Today I felt like going on a first (blind) date: being nervous and excited at the same time. Or perhaps this is more what marriage feels like: eager to be tied to your partner(s) for the coming years while knowing it has a high change of being a love-hate relationship. Today, my diapausing females arrived.
They were brought to our lab by Diego Fontaneto and Stefano Gerli of the Istituto per lo Studio degli Ecosistemi. Just like a first date I didn’t know what to expect, and I couldn’t trust that the outside would be a representation of the inside (which of course is the most important part): I was given bags of mud.
The mud comes from different layers of the sediment cores obtained from Lake Orta in Italy. This mud harbours the resting eggs (diapausing females) of the rotifers I will be using to investigate the relative contribution of ecological and evolutionary processes involved in the populations’ responses to changing environments. More information on how I will use resurrection ecology to address this topic will follow hopefully relatively soon.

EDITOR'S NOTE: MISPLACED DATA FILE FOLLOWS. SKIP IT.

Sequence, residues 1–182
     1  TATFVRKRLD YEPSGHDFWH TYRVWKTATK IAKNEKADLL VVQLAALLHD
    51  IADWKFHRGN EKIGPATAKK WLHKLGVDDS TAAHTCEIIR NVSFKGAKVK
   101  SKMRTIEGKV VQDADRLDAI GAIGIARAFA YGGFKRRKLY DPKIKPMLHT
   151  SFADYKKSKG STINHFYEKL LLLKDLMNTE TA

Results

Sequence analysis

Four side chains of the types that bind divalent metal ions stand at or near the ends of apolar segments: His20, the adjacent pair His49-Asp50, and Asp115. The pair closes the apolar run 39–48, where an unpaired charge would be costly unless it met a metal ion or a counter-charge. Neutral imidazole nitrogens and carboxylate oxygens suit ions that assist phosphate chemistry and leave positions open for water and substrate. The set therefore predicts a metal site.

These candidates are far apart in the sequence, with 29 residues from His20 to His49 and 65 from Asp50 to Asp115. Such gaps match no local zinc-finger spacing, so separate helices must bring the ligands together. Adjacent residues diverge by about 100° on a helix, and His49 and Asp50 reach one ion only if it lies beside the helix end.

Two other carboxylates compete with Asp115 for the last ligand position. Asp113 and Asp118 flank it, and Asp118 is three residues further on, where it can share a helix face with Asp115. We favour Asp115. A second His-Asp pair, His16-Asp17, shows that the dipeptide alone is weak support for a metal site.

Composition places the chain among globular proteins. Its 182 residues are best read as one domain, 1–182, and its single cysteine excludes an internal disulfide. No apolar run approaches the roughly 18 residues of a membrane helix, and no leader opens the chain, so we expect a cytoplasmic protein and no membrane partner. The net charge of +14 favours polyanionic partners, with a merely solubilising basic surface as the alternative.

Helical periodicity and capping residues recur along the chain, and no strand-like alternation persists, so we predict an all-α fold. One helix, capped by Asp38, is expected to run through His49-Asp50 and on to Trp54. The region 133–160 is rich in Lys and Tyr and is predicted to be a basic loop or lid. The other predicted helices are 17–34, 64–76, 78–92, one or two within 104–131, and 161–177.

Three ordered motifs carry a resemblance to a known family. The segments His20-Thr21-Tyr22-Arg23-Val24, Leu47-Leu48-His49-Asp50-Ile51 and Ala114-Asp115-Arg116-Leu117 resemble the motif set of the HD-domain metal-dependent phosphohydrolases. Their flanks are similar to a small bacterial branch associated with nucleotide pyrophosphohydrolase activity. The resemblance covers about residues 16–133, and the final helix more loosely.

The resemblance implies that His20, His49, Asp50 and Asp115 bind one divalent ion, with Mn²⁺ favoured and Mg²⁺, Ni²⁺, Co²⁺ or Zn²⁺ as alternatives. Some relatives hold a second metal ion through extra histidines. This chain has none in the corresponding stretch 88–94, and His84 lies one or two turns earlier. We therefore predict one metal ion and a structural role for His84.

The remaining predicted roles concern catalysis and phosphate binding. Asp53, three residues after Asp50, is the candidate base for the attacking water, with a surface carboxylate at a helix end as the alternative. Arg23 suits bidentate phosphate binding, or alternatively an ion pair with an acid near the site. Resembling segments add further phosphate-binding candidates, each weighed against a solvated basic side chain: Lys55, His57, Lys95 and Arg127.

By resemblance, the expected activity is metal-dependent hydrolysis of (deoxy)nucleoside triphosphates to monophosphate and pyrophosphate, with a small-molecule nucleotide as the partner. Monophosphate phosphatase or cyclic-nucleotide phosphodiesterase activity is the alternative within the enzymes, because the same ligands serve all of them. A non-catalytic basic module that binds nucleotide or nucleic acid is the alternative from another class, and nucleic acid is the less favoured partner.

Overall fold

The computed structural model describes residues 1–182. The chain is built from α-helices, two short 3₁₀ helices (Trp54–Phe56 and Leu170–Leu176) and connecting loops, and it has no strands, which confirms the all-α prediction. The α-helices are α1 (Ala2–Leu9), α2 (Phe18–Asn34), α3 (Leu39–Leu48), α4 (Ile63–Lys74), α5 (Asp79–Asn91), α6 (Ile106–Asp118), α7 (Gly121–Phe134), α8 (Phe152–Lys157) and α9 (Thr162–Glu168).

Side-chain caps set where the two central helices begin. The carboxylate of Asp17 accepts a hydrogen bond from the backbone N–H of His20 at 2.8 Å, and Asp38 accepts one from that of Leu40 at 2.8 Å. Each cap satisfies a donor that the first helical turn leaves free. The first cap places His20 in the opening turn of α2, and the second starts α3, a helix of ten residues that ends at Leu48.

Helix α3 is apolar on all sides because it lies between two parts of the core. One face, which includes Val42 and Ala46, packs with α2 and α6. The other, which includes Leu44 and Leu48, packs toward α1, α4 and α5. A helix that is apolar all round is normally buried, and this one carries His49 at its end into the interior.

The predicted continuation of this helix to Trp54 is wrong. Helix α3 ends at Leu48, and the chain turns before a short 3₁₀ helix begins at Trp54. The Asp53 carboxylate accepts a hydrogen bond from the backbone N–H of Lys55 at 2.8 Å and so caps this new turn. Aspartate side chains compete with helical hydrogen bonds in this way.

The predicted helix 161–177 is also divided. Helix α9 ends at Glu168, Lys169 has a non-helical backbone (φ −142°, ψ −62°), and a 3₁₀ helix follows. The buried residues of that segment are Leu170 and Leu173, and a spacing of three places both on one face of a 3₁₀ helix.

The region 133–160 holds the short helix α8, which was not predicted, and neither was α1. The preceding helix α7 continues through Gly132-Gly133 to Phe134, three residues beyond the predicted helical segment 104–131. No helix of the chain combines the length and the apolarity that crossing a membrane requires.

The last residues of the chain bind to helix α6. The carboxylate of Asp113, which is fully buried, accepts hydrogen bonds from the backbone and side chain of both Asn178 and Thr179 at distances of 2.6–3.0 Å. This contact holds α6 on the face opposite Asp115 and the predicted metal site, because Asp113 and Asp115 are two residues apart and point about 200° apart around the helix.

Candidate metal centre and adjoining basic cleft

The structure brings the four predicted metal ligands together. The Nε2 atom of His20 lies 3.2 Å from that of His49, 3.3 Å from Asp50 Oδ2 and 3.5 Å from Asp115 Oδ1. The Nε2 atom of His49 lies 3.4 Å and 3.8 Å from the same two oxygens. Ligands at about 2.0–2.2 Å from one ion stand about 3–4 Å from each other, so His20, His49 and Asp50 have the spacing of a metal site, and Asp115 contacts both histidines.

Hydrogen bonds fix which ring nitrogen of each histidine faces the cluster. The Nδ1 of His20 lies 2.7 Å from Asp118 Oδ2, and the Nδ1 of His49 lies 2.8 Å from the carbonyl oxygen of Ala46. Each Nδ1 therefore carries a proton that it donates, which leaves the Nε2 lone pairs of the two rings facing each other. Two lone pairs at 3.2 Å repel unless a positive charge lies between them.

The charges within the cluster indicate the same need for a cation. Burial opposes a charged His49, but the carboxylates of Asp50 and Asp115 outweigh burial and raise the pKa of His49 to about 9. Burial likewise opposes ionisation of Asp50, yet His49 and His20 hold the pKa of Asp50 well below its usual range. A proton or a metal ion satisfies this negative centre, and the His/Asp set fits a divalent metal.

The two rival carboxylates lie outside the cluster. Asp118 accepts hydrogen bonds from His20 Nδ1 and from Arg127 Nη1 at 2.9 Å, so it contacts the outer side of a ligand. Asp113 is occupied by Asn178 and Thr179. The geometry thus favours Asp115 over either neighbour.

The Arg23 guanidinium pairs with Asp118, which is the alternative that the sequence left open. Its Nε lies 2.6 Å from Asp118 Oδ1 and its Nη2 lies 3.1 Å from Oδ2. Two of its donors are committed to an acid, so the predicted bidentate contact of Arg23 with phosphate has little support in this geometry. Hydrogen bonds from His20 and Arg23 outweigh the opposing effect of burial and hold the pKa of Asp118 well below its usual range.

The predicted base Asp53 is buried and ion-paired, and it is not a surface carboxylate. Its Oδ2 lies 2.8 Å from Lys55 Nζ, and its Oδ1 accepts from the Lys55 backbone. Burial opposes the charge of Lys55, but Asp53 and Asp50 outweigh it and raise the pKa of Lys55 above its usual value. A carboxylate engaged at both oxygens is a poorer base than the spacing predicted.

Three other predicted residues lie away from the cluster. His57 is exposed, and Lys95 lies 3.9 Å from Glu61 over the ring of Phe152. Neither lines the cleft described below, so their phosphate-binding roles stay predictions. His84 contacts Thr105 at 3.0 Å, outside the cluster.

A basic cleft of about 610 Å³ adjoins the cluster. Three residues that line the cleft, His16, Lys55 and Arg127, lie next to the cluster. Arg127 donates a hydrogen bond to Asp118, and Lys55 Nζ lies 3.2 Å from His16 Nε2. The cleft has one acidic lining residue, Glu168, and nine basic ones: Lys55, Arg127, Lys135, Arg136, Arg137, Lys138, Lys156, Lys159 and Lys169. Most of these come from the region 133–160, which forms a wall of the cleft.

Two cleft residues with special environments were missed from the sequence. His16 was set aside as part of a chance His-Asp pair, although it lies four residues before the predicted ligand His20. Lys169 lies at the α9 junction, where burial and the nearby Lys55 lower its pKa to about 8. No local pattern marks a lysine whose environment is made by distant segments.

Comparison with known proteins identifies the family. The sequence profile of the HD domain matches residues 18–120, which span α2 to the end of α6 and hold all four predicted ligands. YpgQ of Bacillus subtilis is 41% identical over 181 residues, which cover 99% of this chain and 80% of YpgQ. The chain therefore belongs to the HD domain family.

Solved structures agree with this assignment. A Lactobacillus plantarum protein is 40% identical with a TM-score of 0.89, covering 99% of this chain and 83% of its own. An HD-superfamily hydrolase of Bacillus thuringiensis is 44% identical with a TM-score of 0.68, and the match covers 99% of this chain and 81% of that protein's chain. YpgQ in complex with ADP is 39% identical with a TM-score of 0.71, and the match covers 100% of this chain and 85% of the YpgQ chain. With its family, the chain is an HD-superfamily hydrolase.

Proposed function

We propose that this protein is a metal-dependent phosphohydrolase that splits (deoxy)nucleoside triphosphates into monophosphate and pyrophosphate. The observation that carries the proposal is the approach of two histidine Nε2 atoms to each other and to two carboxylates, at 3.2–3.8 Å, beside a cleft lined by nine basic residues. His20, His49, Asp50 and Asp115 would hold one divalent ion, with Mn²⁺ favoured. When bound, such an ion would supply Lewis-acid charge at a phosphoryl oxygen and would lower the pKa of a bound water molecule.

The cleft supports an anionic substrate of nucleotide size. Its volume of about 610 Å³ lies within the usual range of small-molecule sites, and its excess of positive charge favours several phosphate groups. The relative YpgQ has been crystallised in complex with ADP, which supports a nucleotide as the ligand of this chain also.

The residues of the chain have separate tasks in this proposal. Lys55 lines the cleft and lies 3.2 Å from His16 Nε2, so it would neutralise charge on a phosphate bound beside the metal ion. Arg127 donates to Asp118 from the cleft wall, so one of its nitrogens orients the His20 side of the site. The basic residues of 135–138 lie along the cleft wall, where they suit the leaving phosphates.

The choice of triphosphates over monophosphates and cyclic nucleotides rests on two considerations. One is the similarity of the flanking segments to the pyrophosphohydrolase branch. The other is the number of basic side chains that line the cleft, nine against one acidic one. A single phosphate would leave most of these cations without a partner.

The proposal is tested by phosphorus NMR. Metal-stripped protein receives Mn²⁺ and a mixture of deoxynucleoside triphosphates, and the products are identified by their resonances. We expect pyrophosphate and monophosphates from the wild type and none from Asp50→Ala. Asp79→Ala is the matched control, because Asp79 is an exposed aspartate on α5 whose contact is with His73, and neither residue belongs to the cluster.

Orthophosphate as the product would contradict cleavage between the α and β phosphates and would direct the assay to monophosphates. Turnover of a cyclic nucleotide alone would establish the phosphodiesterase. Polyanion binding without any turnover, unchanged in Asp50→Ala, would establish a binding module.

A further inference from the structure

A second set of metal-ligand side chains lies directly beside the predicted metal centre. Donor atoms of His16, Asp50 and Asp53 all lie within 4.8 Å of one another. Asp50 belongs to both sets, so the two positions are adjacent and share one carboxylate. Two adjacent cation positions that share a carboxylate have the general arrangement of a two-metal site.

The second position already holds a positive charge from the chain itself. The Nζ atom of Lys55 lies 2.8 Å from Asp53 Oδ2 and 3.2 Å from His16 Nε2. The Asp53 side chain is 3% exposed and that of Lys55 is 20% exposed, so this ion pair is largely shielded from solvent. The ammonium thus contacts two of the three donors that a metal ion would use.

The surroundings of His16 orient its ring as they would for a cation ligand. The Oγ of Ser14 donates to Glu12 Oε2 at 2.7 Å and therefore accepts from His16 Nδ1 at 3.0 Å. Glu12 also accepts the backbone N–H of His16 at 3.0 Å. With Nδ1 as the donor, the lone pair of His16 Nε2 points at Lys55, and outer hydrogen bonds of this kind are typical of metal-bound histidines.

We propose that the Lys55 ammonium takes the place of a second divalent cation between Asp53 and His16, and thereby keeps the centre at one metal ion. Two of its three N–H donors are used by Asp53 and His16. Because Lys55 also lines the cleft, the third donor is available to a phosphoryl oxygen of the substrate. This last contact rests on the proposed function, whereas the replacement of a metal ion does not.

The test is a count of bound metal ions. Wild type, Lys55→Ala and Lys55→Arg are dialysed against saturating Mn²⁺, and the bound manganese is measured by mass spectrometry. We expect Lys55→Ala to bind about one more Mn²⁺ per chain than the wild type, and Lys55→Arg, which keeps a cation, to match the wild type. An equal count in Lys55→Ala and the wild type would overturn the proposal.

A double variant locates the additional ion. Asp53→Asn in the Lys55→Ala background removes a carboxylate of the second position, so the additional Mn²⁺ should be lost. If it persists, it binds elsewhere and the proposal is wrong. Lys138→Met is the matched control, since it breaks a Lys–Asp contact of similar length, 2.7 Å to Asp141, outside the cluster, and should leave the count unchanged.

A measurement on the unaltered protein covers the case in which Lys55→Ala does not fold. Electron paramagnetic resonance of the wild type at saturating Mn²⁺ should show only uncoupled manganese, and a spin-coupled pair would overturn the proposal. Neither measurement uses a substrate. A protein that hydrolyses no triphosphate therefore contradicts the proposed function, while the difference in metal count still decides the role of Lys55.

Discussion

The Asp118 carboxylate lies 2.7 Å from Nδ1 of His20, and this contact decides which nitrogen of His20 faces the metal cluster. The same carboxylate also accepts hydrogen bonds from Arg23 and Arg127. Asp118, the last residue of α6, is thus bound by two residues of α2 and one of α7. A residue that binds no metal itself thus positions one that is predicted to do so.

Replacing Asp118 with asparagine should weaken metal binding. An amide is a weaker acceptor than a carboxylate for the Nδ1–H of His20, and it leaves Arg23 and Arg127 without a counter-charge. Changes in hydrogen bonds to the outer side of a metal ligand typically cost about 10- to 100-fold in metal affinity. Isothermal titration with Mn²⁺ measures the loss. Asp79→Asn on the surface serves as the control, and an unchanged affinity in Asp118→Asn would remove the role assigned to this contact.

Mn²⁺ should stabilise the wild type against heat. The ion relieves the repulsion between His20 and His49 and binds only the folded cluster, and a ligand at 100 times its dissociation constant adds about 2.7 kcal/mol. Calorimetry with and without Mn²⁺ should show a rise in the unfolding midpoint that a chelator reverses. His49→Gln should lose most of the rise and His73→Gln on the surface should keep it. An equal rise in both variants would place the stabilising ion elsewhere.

Diego and Stefano taught us the necessary knowledge and skills on how to extract the eggs from the sediment. As I expected to find a lot of eggs in the mud, I had already designed a small experiment to be able to put the females directly to scientific use. However, in the small sample we investigated, we could only find 2 resting eggs of the rotifer species I will be using (Brachionus calyciflorus). As this is by far not enough for a proper experiment, we decided to put the females on hold: we stored them in the fridge.
To make up for the non-exciting mud picture, hereby a picture of what everyone thinks Science is about: green bubbly liquid. This is how we culture our algae, which we use as a food source for the rotifers.